The English edition references "Christian Reading, 1842, vol. 1, p. 244 [in Russian]."

This is an illuminating passage for several reasons, first and foremost that it gives five very good reasons for the giving of penance during confession, but also because it shows that the practice is not simply a Latin borrowing or inappropriate Latinization.  Finally, the first reason St. Theophan gives is illuminating regarding the Orthodox teaching on reparation for sins - the "involuntary punishment" he speaks of cannot be the permanent fires of Hell (since the sin for which the sinner would be punished is already forgiven by the Mystery of Confession), so they must be something analogous to the Latin doctrine of Purgatory.

Our holy father Theophan the Recluse, pray to God for us!

Thoughts on Hegel's Phenomenology of the Spirit

The following paragraphs contain a few thoughts or insights that came to mind reading Hegel's Phenomenology.  They do not necessarily reflect an accurate interpretation of Hegel's own thought, but rather the summary of what I was able to glean from it.  His book was difficult, and I may learn more from another reading, but for now this is what I learned from it.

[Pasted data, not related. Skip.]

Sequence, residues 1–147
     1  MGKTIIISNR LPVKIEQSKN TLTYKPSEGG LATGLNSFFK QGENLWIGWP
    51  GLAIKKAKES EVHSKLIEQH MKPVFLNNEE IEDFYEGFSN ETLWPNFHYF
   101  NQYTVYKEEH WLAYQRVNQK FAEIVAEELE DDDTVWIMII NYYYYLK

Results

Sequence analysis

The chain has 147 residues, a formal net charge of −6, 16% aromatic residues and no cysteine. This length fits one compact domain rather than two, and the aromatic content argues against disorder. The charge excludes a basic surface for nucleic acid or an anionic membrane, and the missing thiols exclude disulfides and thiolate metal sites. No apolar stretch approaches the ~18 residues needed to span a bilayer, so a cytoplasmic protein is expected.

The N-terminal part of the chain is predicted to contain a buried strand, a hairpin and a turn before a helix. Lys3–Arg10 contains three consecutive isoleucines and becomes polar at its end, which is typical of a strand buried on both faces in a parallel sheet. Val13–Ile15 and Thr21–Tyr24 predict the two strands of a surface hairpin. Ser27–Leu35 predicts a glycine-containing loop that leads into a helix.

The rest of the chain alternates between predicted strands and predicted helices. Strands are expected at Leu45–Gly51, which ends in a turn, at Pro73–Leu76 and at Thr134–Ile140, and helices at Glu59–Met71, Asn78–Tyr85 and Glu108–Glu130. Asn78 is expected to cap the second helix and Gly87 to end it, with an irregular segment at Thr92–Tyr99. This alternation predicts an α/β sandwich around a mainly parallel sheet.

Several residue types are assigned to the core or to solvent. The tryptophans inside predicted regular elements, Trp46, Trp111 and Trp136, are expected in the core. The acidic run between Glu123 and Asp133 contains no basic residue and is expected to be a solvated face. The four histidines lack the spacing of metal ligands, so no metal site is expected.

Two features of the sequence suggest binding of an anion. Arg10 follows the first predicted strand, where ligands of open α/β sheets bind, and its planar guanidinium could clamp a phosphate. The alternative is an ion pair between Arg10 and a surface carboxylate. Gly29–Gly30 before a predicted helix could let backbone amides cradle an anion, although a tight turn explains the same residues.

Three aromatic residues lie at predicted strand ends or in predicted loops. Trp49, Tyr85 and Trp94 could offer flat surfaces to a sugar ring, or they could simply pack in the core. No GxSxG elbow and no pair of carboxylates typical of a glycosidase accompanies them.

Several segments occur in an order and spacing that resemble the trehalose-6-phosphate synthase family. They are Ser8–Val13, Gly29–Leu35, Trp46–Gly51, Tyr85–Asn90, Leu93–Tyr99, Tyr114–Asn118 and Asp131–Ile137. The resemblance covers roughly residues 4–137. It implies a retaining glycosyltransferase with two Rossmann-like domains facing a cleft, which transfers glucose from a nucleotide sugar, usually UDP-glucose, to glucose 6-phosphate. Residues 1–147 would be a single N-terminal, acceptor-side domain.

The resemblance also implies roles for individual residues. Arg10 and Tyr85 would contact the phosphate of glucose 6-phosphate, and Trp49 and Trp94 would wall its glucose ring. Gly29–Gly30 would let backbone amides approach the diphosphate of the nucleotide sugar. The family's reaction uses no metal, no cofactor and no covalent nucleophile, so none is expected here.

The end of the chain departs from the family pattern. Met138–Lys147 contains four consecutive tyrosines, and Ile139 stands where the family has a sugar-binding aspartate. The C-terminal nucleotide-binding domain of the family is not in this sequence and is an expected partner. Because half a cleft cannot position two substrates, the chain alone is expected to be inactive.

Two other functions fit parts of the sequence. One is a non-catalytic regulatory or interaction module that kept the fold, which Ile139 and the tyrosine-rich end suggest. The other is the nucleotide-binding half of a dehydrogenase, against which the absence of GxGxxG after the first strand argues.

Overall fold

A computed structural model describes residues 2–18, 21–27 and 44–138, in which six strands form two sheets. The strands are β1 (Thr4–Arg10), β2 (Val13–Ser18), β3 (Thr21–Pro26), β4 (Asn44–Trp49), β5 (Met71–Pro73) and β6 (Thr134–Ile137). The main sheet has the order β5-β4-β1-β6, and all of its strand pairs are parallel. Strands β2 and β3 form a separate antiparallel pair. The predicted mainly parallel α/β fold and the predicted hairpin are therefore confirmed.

The “I”, as subject, is devoid of those personal characteristics associated with self-identity, the reflexive self, or self-as-object, the “me”.  Hegel concludes that the “I” is universal – by contrast, I conclude that the act of subjectivity is deeper than our reflexive ego, and prior to it.  Our subjectivity is transitive from us to something transpersonal and prior to even our pre-biographical unity or transcendental apperception.  The pre-biographical unity is the unity anterior to the self, while the “universality” of subjectivity points to a unity anterior to subjectivity as such.  The act of subjectivity is an act “pushing forward” from the impersonality of pure subjectivity to the reflexivity of self-awareness on through to the multiplicity of sense objects, upon which we turn back to a second reflexive understanding of the self (the first was self-consciousness, this is a truly reflexive understanding of oneself) as we process our sense-impressions through our thoughts and self-concepts.